Commodity markets were rangebound in light trading on Monday as investors looked ahead to this week’s Federal Reserve meeting when the outlook for US interest rates and growth should become clearer.

IPE August Brent moved 1 cent higher to $69.94 a barrel while Nymex August West Texas Intermediate added 18 cents to $71.05 a barrel.

Iran’s threat over the weekend that it was prepared to use oil as a weapon in any confrontation with the West over its nuclear enrichment programme provided some support for energy prices.

The impact was limited because hedge funds have significantly reduced their long speculative positions in crude. The Commodity Futures Trading Commission reported a further decline in long positions last week.

Iraq’s oil minister said the country’s output could rival Saudi Arabia’s within a decade after daily production reached 2.5m barrels in May, starting to recover from its post-war collapse.

Oil demand in China continued to grow strongly in May with a 13.5 per cent year-on-year increase. Refiners have increased output and cut exports ahead of a domestic price increase to meet peak summer demand.

Price action for precious metals was muted as many investors attended a conference in Switzerland organised by the London Bullion Market Association.

Gold edged 0.7 per cent lower to $579.15 a troy ounce and dealers said a period of sideways trading was likely with bullion balanced between inflation fears and growth concerns.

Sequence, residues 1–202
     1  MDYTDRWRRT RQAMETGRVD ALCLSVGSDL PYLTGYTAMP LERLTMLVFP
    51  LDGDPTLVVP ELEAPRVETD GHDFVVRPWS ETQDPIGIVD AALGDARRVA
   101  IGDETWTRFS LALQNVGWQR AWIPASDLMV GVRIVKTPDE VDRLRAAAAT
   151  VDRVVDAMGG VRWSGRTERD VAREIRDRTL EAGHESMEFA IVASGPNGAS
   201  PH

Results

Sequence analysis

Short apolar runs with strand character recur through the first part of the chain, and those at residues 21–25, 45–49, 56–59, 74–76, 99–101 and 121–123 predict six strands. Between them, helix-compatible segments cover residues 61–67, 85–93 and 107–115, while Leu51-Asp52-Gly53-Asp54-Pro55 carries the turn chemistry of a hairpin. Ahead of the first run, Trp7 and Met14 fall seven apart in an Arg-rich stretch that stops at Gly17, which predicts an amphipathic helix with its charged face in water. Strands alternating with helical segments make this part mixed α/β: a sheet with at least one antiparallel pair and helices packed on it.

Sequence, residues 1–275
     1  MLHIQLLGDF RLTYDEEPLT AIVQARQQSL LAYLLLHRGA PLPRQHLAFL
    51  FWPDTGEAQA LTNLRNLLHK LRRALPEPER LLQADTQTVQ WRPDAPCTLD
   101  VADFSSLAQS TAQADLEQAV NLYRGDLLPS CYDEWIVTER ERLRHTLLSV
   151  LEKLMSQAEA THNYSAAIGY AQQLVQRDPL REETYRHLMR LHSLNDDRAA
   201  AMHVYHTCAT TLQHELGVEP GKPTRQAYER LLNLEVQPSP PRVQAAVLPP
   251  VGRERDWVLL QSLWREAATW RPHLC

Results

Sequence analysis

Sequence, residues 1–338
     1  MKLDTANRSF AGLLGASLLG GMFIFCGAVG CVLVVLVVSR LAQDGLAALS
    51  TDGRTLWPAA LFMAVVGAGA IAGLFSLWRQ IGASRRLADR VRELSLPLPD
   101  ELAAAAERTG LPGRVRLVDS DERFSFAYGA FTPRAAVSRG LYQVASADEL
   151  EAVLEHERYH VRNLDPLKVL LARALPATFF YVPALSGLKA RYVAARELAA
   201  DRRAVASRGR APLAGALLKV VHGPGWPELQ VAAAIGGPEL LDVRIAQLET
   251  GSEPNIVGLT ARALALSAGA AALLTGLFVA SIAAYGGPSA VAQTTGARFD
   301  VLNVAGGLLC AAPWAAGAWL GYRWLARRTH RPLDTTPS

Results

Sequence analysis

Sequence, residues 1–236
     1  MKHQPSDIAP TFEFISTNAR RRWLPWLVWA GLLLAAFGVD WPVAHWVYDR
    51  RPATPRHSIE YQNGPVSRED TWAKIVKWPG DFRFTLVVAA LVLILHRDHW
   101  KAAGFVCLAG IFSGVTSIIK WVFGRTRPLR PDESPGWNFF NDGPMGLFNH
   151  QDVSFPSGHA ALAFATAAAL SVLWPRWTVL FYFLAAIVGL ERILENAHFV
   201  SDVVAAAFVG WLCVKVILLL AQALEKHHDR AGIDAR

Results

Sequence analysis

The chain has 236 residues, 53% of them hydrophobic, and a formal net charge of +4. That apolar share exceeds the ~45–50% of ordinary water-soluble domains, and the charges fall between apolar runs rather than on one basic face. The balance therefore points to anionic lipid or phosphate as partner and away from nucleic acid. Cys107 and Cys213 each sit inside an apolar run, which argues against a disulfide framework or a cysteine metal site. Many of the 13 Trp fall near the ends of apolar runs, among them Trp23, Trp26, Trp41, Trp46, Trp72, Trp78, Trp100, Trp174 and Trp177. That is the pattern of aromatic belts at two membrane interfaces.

Silver fell 1.8 per cent to $10.11 a troy ounce while platinum rose 1.4 per cent to $1,182 a troy ounce and palladium gained 3 per cent at $310 az troy ounce.

The $40bn takeover of the two Canadian miners Inco and Falconbridge by US rival Phelps Dodge underlined industry confidence that metals prices will stay strong.

Copper rose 2.3 per cent to 6,937.5 a tonne in late trading in London. However, dealers said that some Chinese buyers were waiting to see how prices developed after the recent pull back in the market.

Global copper mine capacity over is forecast to grow at 4.3 per cent a year until 2009, exceeding the expansion of smelter capacity, according to the International Copper Study Group. The ICSG said annual mine capacity was expected to reach 19.6m tonnes in 2009, a total increase of about 3m tonnes or 18 per cent from 2005.

Nickel increased 2.7 per cent to $19,775 a tonne supported by a 750 tonne decline in London Metal Exchange stocks to 11,800 tonnes.

Zinc rose 4.2 per cent to $2,980 a tonne.

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